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Edinburgh Trams Inquiry Delayed

Edinburgh TramFirst Minister Alex Salmond says that he will hold a public inquiry into the plagued Edinburgh trams project. However, this inquiry won’t be started right away; only after the project has been made clearer. Originally, the tram line from Edinburgh Airport to Newhaven was to cost £545 million, but now the cost has continued to steadily rise. Estimates for the partial completion to St Andrew Square have jumped to over £830 million. The construction has been hit with delays and a row between tram company Tie and contractors Bilfinger Berger – resulting in the budget being pushed way over.

Officials’ recommendations for the controversial project to be taken from Edinburgh Airport to St Andrew Square were rejected on Thursday by councillors, who supported a Labour amendment for it to be taken only as far as Haymarket railway station. This means the council won’t have to borrow £231 million in order to complete just part of the project to the city centre. However, it also opposes advice from council officials that a tram line stopping at Haymarket will result in financial losses, as it will need a £3 million to £4 million ongoing yearly subsidy. This will also have an impact on Lothian Buses’ profitability.

With Salmond putting the inquiry off, he has been challenged by MPs to stop lolly-gagging around and get the inquiry underway. He had agreed in June to hold a full public inquiry and hasn’t done anything yet. Kezia Dugdale, Scottish Labour Lothians MSP, says it’s time to forget about politics, stop trying to blame someone for it and get to the bottom of the fiasco. The only way to find out how the tram project has been allowed to get so out of hand is to conduct a full, independent public inquiry. She’s pleased Salmond has backed calls for the inquiry, but there’s no reason to delay getting it underway.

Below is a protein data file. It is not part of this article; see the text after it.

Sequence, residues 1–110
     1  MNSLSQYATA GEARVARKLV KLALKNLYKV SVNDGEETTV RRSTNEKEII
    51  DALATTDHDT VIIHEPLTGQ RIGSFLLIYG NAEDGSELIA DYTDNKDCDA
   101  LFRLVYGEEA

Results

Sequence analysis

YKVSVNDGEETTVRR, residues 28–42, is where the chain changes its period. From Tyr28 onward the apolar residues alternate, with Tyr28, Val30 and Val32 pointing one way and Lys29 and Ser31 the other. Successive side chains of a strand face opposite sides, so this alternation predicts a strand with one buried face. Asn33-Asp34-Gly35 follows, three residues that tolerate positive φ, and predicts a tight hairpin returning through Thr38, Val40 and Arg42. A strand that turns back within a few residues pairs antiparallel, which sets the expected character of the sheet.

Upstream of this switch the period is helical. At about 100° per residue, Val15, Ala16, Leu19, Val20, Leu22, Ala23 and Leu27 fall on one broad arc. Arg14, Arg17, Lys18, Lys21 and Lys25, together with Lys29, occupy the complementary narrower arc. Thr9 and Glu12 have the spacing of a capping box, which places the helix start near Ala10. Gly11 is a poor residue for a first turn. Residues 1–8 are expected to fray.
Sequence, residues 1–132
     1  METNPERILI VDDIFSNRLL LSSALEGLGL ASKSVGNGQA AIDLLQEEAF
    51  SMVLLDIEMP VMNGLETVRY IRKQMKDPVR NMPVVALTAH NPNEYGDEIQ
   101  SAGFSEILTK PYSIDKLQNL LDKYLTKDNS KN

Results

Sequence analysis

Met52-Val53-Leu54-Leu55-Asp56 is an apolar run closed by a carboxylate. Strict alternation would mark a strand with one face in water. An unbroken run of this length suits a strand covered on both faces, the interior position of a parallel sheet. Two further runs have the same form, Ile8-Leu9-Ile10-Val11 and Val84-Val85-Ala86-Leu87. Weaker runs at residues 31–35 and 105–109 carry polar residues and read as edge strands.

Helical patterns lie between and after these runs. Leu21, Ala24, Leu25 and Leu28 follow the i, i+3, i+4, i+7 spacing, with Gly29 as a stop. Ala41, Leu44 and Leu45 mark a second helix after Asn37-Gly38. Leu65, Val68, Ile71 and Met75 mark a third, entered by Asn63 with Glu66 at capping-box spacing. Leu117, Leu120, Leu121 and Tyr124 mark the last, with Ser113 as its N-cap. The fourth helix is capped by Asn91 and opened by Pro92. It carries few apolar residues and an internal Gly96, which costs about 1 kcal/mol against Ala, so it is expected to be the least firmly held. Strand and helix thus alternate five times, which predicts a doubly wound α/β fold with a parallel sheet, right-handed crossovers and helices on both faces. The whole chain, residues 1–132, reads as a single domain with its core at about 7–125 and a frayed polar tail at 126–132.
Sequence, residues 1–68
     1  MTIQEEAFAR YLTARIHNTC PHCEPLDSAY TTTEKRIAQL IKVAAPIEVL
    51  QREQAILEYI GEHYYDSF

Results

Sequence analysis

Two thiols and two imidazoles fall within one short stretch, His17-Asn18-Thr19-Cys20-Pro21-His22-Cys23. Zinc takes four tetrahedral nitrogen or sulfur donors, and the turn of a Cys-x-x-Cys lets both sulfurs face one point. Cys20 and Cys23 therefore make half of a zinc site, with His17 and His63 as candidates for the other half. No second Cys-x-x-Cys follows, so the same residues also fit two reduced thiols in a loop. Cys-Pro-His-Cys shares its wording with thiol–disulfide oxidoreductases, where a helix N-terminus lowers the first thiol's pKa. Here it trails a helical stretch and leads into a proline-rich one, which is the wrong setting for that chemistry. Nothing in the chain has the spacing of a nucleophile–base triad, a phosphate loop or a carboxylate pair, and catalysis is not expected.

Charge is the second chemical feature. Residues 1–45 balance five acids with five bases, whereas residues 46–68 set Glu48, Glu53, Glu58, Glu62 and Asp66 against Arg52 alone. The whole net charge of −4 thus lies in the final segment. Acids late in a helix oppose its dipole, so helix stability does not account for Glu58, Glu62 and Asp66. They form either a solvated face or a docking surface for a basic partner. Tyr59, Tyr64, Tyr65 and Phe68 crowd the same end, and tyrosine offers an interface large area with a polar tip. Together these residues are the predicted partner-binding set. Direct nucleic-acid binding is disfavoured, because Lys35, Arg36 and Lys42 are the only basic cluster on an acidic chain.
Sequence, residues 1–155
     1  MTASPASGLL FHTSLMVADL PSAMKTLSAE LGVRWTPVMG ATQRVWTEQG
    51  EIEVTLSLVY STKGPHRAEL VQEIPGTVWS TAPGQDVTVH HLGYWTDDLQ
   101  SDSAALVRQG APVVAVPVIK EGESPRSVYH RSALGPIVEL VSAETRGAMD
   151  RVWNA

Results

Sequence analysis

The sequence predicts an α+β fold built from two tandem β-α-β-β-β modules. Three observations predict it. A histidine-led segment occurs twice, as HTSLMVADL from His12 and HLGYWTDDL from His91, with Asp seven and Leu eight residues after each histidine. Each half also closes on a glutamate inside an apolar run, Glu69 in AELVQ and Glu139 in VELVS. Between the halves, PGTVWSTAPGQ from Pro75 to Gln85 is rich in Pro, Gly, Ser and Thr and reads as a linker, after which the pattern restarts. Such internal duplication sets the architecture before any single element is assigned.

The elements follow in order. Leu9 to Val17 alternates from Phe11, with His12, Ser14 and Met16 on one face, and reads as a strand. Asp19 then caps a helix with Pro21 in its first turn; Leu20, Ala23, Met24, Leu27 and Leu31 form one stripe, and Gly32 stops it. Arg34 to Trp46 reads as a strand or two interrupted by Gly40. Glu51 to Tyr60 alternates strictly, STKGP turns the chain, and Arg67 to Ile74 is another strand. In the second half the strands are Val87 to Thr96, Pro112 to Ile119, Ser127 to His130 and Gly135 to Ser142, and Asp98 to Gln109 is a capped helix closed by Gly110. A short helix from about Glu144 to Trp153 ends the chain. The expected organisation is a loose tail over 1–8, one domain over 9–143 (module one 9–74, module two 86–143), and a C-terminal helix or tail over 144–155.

Willie Rennie, Sottish Liberal Democrat leader, also called on John Swinney, the finance secretary, to review Edinburgh City Council’s decision to opt for the shortened line. The government had previously said it would contemplate the implications of the decision due to an essential change to the business case. It hasn’t supplied the last £60 million of its £500 million investment into the market. Rennie commented that the government won’t want to fund a scheme that will lose money and have a low benefit-to-cost ratio. It needs to intervene now before time runs out, he added, as taking action could help halt the Haymarket project and revive the St Andrew Square option.

This comes as Sue Bruce, Edinburgh City Council chief executive, said the council is developing a plan to implement the work. They haven’t made anymore decisions on the works coming up on Princes Street, which will be a topic of conversion in discussions with the contractor. They will give more information about it as soon as it’s available after the Council meeting.




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